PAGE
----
ConocoPhillips to drill Putu with unprecedented mitigation steps

  • ConocoPhillips is taking mitigation measures for an exploration well about three miles from the Native village of Nuiqsuit that are believed to be unprecedented on the North Slope. Residents’ concerns about exhaust and noise from the site (the purple star) have delayed prior exploration attempts, but a well is finally set to be drilled in February. (Map via Alaska Department of Natural Resources)

ConocoPhillips is finally ready to drill into a small and long-sought piece of the North Slope, but only after agreeing to employ mitigation measures largely thought to be unprecedented, particularly for a single well.

The Putu 2 exploration well is scheduled to be spudded in early February and finished in late April with completion of a well sidetrack, according to ConocoPhillips spokeswoman Amy Burnett.

The cause for the unique drilling mitigation practices — from an electrified drill rig to multiple air quality monitoring sites and light suppression efforts — flows from the drill site’s proximity to the Native village of Nuiqsut.

About three miles east-northeast from Nuiqsut, the Putu 2 drill site is in the direction of the prevailing winter winds that cross the tundra plains to the village.

That caught the attention of many in Nuiqsut, according to Kuukpik Corp. CEO Lanston Chinn, who said the residents became concerned about, among other things, exhaust drifting into the community from a diesel drill rig that would be running continuously for more than two months.

Kuukpik is the Native village corporation for Nuiqsut and holds title to about 147,000 acres on the Slope. It jointly holds surface rights along with the state to the Putu acreage, which the Department of Natural Resources awarded to ConocoPhillips in November 2016.

The company has also taken on the role of being a public voice for the community of about 400 residents that it answers to.

ConocoPhillips first planned to drill the Putu well a year ago. That exploration plan was a driving force behind DNR Commissioner Andy Mack overturning his predecessor’s decision and transferring all 9,100 acres in and around Nuiqsut, and once part of the now defunct Tofkat Unit, from the small independent Brooks Range Petroleum Corp. to ConocoPhillips.

It is now part of the large Colville River Unit, commonly referred to as Alpine, from which ConocoPhillips produces about 65,000 barrels of oil per day.

While a small area in North Slope terms, its proximity to a large, established oil field and the Nanushuk prospect that could hold more than 2 billion barrels of recoverable oil, according to its owner Armstrong Energy, make it a potentially rich piece of property.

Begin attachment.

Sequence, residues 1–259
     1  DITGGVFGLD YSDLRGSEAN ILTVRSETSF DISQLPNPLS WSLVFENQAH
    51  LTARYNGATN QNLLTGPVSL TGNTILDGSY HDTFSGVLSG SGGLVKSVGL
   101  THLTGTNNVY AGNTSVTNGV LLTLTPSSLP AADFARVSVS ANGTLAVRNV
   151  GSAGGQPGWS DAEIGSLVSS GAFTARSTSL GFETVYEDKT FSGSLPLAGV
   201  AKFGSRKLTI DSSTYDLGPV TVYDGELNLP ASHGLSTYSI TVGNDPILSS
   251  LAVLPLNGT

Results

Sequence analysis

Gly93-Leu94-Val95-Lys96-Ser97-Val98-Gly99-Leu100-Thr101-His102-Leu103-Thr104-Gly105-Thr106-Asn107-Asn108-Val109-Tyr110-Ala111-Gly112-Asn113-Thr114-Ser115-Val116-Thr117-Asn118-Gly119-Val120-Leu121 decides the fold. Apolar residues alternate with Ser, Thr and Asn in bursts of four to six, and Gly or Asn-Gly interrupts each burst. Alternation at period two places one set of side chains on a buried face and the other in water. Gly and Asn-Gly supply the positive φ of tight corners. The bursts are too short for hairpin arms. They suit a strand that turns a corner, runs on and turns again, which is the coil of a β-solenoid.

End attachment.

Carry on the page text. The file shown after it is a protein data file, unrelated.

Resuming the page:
ConocoPhillips held the acreage in the early 2000s but had to give it back to the state after failing to meet drilling requirements.

Brooks Range also held the leases for years but was unable to secure an access agreement with Kuukpik, according to documents previously submitted to the state.

ConocoPhillips Alaska President Joe Marushack said Jan. 19 at the Alaska Support Industry Alliance’s Meet Alaska Conference that even before drilling a well the company believes the Putu prospect could produce 20,000 barrels per day. It’s worth noting that as a publicly traded oil company, ConocoPhillips is in the business of making conservative public statements.

When the company informed DNR last winter that it had decided to defer its 2016-17 Putu plan because of the villagers’ concerns, Mack, charged with assuring the state’s resources are developed as timely as possible, threatened to revoke the acreage.

An agreement was eventually reached last August after a lengthy back-and-forth of formal correspondence to let ConocoPhillips keep the acreage if it drilled a well into the hot Nanushuk geologic formation by May 2018. The deal included a $7 million payment to the state in-lieu of the bids DNR estimated it would get if the area was put up for bid in a lease sale.

While ConocoPhillips has long held a surface access agreement with Kuukpik Corp., according to the producer, it still needed to allay the worries of the locals downwind that they would not be ignored.

They weren’t.

For starters, the Putu 2 drill site is about a half-mile farther from Nuiqsut than the location chosen to drill last winter.

The drill rig — Kuukpik 5, another part of the producer-Native corporation agreement — will be electrified and powered by six, 975-horsepower Tier 4 diesel generators located about a mile north of the drill site.

Kuukpik Corp. has five subsidiary companies mostly focused on oilfield service support in the drilling, ice road, camp and catering, engineering and environmental monitoring specialties. Chinn said Kuukpik’s companies and Nuiqsut residents will do much of the work associated with drilling the well.

According to Burnett, about 85 people will be on site at peak activity.

A 13.8 kilovolt power cable encapsulated in ice 25 inches thick will connect the generators to the drill location, according to ConocoPhillips’ Putu 2 mitigation plan submitted to DNR.

The Tier 4 generators are top-of-the-line in terms of limiting emissions, according to Cummins Power Generation, which claims to be the first generator manufacturer to receive the Environmental Protection Agency’s most stringent applicable certification.